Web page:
10 Cold Cases That Were Solved Years Later

Crimes are committed every day, and we rely on law enforcement to go out and solve them so justice can be served. But sometimes, there just isn't enough evidence to lead the police to the truth, and a case goes cold. The show Cold Case aired for seven seasons, and other crime shows like CSI and Law and Order have been around for years. People are fascinated by the ways police and scientists interpret evidence to solve crimes, and with developing technology, there are new breakthroughs every single day that could help solve a crime that was unsolvable years ago.

Imagine not knowing what happened to a loved one? Or watching a person you know committed a crime, walk free because of lack of evidence? That is happening less and less these days because of new ways to interpret DNA, and a crime scene. If evidence is stored correctly, it is now possible for police to go back to cold cases, and take a fresh look at what happened. Here are 10 cold cases that were solved years later, thanks to the perseverance of investigators, advanced DNA technology, and a lucky break.

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10 Krystal Beslanowitch - Solved 18 years later

via: www.thehuffingtonpost.com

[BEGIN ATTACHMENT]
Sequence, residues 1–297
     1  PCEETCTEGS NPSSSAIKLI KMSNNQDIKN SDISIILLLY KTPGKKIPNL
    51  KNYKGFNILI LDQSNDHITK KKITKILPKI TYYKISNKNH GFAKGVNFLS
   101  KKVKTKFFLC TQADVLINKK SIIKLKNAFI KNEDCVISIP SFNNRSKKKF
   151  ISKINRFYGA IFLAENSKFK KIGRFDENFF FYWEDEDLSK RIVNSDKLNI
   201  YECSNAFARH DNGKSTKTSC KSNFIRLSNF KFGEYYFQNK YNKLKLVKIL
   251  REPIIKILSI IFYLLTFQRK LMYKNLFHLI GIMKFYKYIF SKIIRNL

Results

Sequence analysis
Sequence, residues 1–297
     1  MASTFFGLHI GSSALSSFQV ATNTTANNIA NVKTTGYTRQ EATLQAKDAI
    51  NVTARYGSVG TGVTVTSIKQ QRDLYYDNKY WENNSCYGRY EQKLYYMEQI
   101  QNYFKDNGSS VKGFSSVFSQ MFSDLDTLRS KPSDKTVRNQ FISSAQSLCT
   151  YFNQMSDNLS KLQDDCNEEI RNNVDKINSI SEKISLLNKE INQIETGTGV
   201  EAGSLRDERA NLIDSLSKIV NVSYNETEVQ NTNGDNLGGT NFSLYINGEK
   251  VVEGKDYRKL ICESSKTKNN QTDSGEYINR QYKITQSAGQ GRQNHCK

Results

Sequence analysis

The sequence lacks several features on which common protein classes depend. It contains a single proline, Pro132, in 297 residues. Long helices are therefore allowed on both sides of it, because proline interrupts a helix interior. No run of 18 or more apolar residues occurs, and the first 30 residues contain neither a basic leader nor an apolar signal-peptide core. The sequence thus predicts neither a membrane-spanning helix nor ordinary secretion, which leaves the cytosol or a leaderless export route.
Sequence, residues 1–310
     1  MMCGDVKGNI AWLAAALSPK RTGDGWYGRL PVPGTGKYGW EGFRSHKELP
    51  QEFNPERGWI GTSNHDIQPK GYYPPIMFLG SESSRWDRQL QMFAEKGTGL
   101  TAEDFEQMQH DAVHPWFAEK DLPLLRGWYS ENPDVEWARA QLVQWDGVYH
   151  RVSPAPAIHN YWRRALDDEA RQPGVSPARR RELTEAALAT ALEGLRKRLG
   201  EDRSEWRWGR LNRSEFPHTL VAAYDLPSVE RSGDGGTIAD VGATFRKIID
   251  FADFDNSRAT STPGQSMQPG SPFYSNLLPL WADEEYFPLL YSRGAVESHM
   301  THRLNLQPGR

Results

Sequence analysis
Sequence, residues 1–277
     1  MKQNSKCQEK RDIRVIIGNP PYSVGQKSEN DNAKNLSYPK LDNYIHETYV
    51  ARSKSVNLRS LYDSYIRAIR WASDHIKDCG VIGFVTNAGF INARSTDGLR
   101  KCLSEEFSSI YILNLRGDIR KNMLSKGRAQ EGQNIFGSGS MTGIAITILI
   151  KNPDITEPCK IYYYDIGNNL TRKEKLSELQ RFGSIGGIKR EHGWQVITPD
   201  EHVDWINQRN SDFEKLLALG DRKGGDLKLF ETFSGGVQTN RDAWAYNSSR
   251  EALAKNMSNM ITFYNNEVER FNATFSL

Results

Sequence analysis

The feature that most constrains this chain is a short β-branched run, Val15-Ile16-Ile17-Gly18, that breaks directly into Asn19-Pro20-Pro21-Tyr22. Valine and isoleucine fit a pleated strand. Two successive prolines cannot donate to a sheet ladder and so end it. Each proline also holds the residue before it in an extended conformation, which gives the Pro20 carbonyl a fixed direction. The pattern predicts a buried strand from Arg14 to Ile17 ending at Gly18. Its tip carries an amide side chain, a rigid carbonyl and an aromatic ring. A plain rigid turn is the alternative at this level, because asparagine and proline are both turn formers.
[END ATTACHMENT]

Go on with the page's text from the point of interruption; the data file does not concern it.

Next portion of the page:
17-year-old Krystal Beslanowitch was working as a prostitute in Utah when she was found dead on the banks of the Provo River in December 1995. She had been bludgeoned to death. Lead investigator, Todd Bonner worked the case until it went cold from lack of evidence, but he never forgot about it. Even after being promoted to Sheriff, he still checked in on the case from time to time. "It's the case that haunted me for almost my whole career, " Bonner said. In 2013, new DNA technology was able to extract DNA from the rock that was used to bludgeon Beslanowitch, and it was a match to Joseph Simpson, who had already served time for murder. The technology used to identify Simpson was a "forensic vaccum" tool which allowed investigators to extract up to 40% more DNA from the murder weapon.

9 Jessica Keen - Solved 17 years later

via: www.dispatch.com

The murder of 15-year-old Jessica Keen remained unsolved for 17 years, despite suspicion that her boyfriend did it. Keen's parents had put her into a home for troubled teens after she started dating 18-year-old Steve Turner, and her grades dropped drastically. She was abducted on March 15th, 1991, and her body was found two days later, raped and badly beaten, in a cemetery 20 miles from her home. Turner's DNA was not a match to what was found on Keen's body, and after that the case went cold. 17 years later, the state of Ohio passed a law requiring all inmates to provide a DNA sample. Inmate, Marvin Lee Smith Jr. was a match, and he admitted to raping and beating Keen. He was sentenced to life in prison.